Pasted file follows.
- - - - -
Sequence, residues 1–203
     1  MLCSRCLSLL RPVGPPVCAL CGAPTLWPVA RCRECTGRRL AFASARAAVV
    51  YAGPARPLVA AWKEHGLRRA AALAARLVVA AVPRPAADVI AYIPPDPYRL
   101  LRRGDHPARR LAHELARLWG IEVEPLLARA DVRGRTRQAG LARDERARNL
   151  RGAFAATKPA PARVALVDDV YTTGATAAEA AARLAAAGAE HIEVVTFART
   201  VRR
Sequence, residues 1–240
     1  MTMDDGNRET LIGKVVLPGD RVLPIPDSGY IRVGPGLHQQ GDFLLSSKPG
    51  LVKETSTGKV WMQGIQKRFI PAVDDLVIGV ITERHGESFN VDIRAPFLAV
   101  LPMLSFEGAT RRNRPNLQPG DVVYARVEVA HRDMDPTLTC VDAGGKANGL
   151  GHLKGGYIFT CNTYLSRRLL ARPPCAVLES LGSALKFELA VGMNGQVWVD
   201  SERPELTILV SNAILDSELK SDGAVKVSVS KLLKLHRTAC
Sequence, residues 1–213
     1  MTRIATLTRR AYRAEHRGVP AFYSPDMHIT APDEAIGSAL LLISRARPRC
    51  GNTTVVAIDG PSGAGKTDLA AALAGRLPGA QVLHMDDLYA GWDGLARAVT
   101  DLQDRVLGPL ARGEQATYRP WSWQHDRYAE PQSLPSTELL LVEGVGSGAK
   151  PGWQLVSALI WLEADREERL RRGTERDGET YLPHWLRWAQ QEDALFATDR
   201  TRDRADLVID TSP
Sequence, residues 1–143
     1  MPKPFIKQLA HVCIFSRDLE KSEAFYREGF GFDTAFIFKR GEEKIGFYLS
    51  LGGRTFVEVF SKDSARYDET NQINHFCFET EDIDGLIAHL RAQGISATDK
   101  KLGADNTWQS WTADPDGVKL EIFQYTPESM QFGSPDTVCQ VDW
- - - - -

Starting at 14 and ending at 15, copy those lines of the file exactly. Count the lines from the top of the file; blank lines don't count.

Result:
     1  MTRIATLTRR AYRAEHRGVP AFYSPDMHIT APDEAIGSAL LLISRARPRC
    51  GNTTVVAIDG PSGAGKTDLA AALAGRLPGA QVLHMDDLYA GWDGLARAVT